Retirement Planning Tips for People who are not Financially Ready

Retirement planning is a complex process, and taking the help of a retirement planning service is the best thing that one should do. It is a common phenomenon to see people ready for retirement but not financially. When they are close to retirement, they realize the quantum of savings that they made over the years is not really sufficient. It is painful to realize that  it is too late and you cannot go back and correct your mistakes. 

An individual should be saving enough so that he or she is at least able to replace between 60 percent and 80 percent of pre-retirement annual income. This would help you maintain your lifestyle in retirement. You don’t need to get all the 80 percent of your pre-retirement income from the retirement plan because some of that will come from other sources like Social Security.

The most common and widely adopted retirement plans are the traditional IRA and Roth IRA. Traditional IRAs allow you to make tax deferred contributions, while a Roth IRA allows tax free withdrawals.

If you are about to retire and have not saved enough, what are the options

Delay retirement – The most obvious way to deal with such a situation is to delay retirement by a few years. This would allow you to continue to contribute to your retirement savings. Also, during these additional working years try to increase the size of your annual contributions as much as you can. 

This strategy to delay retirement would have significant impact on your retirement savings. The savings get additional years to get compounded, besides it would also cut down on the span of time you would need to draw from the retirement savings.

Plan the timing of social security benefits – If you plan to continue working when you are eligible to retire, your employment could have a bearing on the benefits you receive from the Social Security Administration. The impact would depend on your full retirement age. In case you have not reached your full retirement age, (between ages 65 and 67, as determined by the Social Security Administration) and you earn over a certain amount while collecting Social Security benefits, then those benefits may be reduced. However, if you wait to take Social Security benefits until you reach your full retirement age, then you will have the option of working while collecting full benefits without any reductions.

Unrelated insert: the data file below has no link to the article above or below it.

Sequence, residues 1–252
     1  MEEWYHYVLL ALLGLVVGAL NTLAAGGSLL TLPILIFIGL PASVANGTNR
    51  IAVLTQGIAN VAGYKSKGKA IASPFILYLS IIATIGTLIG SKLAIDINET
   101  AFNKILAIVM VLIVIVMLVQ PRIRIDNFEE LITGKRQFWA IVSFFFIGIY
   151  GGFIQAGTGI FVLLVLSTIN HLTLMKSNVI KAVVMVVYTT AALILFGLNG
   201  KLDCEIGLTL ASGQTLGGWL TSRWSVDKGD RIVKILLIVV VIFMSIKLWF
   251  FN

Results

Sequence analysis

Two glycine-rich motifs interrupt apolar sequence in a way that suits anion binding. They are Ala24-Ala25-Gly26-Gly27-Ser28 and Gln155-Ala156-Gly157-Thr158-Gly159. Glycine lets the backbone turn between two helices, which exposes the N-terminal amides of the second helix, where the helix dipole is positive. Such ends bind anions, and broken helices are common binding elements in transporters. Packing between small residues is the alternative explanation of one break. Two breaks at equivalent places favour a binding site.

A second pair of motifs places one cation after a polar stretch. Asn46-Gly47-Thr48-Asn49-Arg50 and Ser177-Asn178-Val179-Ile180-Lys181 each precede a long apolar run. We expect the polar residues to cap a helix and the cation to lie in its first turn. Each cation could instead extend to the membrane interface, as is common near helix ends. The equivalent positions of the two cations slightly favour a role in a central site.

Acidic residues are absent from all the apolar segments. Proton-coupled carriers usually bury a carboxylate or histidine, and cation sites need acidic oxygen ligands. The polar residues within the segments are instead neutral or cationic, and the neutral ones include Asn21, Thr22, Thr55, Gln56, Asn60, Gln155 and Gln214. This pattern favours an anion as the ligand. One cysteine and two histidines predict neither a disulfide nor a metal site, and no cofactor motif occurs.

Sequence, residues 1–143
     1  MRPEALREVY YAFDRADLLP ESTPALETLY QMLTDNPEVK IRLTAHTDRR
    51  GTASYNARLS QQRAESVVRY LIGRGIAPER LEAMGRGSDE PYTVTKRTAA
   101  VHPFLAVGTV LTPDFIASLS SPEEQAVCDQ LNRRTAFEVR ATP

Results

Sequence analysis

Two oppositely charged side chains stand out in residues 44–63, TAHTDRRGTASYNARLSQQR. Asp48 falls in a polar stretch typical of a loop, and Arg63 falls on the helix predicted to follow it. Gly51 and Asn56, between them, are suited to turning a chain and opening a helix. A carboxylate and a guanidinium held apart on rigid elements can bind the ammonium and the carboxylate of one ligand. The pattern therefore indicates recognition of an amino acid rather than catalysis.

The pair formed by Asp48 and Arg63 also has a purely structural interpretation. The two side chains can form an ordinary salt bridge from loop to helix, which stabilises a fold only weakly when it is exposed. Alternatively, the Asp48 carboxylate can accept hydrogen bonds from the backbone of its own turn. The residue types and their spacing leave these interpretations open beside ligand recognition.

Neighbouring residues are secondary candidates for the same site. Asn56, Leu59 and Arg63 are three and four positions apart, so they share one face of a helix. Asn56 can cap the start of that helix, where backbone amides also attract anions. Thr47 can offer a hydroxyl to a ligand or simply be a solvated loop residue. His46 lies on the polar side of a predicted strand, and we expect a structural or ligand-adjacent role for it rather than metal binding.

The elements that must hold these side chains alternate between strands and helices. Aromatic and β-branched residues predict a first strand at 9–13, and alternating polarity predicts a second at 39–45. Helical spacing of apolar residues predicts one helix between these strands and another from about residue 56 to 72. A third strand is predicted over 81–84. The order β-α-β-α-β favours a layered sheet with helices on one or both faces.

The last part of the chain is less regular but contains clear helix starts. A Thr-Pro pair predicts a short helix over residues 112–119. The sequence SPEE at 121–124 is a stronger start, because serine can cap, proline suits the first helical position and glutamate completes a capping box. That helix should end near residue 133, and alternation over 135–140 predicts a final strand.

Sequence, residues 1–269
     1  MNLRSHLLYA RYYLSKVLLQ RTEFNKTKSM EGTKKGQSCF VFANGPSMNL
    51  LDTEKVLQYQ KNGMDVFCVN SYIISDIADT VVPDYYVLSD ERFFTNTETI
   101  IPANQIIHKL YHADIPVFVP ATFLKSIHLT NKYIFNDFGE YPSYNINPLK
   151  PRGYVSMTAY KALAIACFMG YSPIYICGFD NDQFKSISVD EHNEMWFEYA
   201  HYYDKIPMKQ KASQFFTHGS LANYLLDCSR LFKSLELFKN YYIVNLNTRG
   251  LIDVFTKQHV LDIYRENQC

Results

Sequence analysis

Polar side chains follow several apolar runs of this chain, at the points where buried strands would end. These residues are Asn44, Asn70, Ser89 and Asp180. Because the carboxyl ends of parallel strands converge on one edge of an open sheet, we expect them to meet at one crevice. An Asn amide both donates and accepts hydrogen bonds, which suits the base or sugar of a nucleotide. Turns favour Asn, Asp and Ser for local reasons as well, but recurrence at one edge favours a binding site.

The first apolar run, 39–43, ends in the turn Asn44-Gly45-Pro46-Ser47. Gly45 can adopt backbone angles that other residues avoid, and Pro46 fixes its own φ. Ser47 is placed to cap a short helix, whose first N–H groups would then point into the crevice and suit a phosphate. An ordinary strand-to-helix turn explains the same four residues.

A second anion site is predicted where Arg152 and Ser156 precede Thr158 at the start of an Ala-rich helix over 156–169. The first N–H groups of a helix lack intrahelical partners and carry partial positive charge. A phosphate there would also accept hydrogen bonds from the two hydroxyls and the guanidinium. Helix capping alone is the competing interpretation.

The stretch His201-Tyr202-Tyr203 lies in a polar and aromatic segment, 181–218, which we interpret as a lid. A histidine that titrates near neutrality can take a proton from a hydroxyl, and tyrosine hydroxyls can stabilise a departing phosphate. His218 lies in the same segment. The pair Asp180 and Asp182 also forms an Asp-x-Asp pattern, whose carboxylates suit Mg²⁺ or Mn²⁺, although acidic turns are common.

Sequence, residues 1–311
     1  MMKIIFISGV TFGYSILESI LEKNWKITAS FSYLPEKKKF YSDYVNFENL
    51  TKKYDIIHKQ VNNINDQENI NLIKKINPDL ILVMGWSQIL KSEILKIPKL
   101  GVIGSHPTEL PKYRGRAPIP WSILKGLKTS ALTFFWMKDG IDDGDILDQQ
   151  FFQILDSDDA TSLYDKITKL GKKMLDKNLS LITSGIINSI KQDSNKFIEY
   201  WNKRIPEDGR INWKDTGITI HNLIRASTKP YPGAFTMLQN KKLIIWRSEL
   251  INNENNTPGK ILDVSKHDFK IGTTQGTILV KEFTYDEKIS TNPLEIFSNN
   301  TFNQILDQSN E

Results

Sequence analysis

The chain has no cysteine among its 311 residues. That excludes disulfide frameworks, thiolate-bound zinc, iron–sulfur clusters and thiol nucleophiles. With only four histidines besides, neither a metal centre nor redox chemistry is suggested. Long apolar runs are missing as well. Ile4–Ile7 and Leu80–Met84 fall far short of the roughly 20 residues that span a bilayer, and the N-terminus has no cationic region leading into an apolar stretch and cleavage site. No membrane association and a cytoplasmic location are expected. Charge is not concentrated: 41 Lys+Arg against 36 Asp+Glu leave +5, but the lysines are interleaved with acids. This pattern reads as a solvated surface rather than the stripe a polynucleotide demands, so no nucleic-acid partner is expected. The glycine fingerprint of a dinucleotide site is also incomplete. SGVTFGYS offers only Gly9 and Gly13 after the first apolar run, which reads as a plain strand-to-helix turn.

Work Part-time – Consult with your current employer that if you can extend your job beyond retirement. This is quite possible as companies would genuinely be interested in retaining the expertise of long time workers

Employ a Tax-Smart Withdrawal Strategy – To ensure that your retirement savings last as long as possible, plan your withdrawal strategy. The general principle is to allow tax-deferred investments grow as long as possible. Plan to withdraw from taxable accounts (mutual funds and stocks) first, while tap into your tax deferred savings in Traditional or Rollover IRA later.

It is best to withdraw the assets in Roth IRA in the last, especially if you intend to pass assets along to heirs. The distribution from a Roth IRA is tax free and also a Roth IRA offers some significant estate planning benefits.

Consider a reverse mortgage – If you are woefully short of required retirement savings that you should have created, consider a reverse mortgage. A reverse mortgage though is an expensive tool it allows you to encash the equity in your house. The mortgage fees erode the value of the equity you have built up in your home and further reduce the cash payout that you can anticipate to receive in a depressed housing market like now.

Investing in a Roth IRA plan is one of the best ways to plan for retirement. Delaying retirement or using a reverse mortgage to fund retirement are ways that are riskier and less dependable. It is always good to use professional retirement plan services and ensure that your have sufficient retirement savings when you retire.